The Next Administration
Advisers say Sen. John McCain is eager to create an administration that is drawn from the ranks of people beyond the Beltway and filled with more than a token Democrat.
McCain has tapped former Navy secretary John F. Lehman to lead planning for a potential presidential transition. Lehman, a friend of McCain's, is being assisted in identifying players in a new administration by veteran Washington lobbyist William E. Timmons and William L. Ball, another former Navy secretary.
The challenge of stocking an administration may be particularly acute for McCain, who has clashed with many leaders in his party establishment and the Bush administration. He keeps counsel with only a tight group of advisers.
Top priorities will be filling the Cabinet posts dealing with the global financial crisis and the ongoing wars in Iraq and Afghanistan. Several Republicans predicted that McCain would try to prevail on Secretary of Defense Robert M. Gates to remain at the Pentagon, while others expect a quicker departure for Treasury Secretary Henry M. Paulson Jr. Many also see a big role in a McCain administration for his close friend Sen. Joseph I. Lieberman (I-Conn.), perhaps as secretary of state.
Gates said again on Friday that he is not interested in remaining in his post after Jan. 20, though he has not completely shut the door on the prospect. Other possibilities for the Pentagon job include Lehman and former deputy secretary of state Richard L. Armitage, whose oft-stated skepticism about the Iraq war could help McCain signal a break from the Bush administration.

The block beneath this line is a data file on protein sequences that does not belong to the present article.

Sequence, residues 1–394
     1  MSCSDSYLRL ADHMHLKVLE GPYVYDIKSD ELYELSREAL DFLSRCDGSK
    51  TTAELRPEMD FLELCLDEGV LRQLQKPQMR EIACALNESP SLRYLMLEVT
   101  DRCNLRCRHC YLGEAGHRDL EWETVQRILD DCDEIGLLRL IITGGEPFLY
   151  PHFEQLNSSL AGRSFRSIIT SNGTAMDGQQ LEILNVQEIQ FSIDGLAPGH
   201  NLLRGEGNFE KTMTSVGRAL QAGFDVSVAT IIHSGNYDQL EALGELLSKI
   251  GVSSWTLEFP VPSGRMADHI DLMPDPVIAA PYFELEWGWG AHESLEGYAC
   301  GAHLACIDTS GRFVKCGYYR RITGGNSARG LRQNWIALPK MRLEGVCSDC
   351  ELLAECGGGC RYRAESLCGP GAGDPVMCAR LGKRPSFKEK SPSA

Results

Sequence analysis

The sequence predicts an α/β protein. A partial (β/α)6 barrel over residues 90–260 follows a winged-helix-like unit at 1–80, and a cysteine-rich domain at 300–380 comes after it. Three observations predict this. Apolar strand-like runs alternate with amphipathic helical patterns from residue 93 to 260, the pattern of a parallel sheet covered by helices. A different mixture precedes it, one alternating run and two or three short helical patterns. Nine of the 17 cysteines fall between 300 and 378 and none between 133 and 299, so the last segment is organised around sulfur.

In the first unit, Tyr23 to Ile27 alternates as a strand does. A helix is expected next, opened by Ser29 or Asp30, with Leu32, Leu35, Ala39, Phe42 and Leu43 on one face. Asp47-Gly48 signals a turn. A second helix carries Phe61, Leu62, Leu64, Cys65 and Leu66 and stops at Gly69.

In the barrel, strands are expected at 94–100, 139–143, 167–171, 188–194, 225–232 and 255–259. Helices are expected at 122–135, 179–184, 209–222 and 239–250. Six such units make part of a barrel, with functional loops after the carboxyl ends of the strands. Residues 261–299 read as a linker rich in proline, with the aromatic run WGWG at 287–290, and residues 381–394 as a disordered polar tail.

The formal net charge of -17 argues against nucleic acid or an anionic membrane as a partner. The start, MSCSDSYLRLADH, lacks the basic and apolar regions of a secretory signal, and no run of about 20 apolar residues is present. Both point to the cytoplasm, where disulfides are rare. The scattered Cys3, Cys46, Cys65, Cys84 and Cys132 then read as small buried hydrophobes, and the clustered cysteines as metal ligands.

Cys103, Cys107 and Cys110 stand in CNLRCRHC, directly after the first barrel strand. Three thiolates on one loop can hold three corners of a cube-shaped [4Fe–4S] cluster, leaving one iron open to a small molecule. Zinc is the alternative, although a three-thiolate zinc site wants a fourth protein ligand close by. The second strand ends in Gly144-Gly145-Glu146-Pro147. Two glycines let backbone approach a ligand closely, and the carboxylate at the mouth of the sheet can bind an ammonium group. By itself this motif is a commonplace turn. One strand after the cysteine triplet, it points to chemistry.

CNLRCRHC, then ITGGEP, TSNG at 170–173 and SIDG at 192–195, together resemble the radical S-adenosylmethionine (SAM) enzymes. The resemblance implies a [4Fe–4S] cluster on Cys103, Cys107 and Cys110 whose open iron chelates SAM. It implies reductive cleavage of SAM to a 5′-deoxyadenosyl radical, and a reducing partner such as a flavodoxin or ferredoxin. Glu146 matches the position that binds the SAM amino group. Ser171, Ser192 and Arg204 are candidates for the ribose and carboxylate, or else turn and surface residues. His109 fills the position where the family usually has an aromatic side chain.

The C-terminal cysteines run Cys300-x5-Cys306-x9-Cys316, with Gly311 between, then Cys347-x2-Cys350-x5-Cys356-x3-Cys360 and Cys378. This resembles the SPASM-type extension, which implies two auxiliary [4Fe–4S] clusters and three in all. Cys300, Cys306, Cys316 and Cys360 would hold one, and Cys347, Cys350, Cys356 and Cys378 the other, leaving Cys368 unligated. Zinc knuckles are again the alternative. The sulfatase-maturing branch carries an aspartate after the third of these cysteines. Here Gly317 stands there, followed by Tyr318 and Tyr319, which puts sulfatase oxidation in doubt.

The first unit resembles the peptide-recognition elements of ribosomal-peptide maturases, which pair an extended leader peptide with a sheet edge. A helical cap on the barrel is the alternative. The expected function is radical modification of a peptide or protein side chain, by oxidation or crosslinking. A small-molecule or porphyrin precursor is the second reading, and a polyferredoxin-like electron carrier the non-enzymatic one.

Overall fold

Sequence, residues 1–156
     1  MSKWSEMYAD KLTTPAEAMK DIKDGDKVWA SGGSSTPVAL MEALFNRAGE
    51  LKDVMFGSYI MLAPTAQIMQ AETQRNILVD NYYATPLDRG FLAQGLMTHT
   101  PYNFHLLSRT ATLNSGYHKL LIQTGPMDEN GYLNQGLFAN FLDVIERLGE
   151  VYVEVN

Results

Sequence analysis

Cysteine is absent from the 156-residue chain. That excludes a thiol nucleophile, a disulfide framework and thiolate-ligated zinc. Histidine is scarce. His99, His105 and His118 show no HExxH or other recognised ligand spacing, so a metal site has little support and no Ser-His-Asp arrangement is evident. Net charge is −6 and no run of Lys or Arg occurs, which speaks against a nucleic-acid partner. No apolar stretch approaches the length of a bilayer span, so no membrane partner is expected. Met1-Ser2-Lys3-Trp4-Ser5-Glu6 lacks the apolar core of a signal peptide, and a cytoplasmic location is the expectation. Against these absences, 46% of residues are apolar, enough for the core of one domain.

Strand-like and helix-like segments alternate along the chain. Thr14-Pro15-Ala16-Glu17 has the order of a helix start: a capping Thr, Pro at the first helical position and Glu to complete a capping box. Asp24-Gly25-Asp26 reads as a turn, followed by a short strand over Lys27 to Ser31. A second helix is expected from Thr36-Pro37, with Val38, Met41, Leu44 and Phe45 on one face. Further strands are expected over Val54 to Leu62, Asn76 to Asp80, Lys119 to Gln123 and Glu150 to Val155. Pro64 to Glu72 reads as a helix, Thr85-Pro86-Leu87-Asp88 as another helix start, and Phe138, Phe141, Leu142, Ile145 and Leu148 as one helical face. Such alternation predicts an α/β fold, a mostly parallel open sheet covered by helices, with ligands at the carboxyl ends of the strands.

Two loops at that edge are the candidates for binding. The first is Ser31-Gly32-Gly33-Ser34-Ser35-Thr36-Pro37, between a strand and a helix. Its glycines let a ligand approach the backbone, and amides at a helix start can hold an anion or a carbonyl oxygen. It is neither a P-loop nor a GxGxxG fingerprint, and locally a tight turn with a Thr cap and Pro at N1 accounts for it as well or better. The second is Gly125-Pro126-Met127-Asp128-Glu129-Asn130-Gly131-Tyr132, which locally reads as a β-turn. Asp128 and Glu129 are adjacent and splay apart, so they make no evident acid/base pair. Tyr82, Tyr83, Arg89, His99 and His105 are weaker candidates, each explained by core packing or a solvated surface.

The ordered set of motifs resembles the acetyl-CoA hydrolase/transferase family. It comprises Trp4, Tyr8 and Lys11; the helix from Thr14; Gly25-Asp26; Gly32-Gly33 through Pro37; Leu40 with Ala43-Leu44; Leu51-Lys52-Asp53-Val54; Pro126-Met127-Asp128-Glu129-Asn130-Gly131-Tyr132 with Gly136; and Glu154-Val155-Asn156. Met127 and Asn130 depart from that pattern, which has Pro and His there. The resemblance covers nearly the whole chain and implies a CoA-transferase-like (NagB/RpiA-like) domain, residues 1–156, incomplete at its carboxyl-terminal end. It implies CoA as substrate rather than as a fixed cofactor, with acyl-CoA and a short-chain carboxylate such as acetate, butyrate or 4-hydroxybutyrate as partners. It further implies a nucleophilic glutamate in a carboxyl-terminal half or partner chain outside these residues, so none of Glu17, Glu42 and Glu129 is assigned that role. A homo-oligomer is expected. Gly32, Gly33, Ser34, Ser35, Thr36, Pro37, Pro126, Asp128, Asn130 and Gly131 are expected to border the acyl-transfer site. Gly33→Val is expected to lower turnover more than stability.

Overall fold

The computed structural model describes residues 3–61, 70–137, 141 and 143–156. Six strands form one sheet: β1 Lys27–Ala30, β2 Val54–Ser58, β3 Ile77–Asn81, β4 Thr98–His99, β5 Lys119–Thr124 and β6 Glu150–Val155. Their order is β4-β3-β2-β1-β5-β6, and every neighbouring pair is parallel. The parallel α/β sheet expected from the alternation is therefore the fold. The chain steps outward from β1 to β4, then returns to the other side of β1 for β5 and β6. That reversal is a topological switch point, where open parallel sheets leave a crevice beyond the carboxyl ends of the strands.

Several individuals close to McCain said they think it unlikely that he would keep Paulson at Treasury, given the campaign's contention that the Bush administration's response to the financial crisis has been focused too much on protecting Wall Street rather than homeowners and consumers. If McCain were to look for a new Treasury secretary, one likely candidate would be Robert B. Zoellick, who served as one of McCain's top issues advisers between stints as deputy secretary of state and World Bank president. Zoellick could also be a candidate for secretary of state should McCain decide Lieberman is too valuable as a Senate ally.
Some Republicans think McCain would go for an outsider at Treasury, perhaps New York Mayor Michael R. Bloomberg (I), who has long shared a close friendship with the Arizona senator. McCain has also heaped praise on a number of business leaders, such as Cisco Systems' John T. Chambers, Microsoft's Steve Ballmer and Meg Whitman, former chief executive of eBay.
At least a few of his advisers are pushing McCain to consider someone like former Massachusetts governor Mitt Romney, who mixes business experience with political skills.
"Somebody who is capable and political and can sell," the McCain confidant said. "It's not just a policy job. You have got to be able to sell."
-- Michael Abramowitz and Michael D. Shear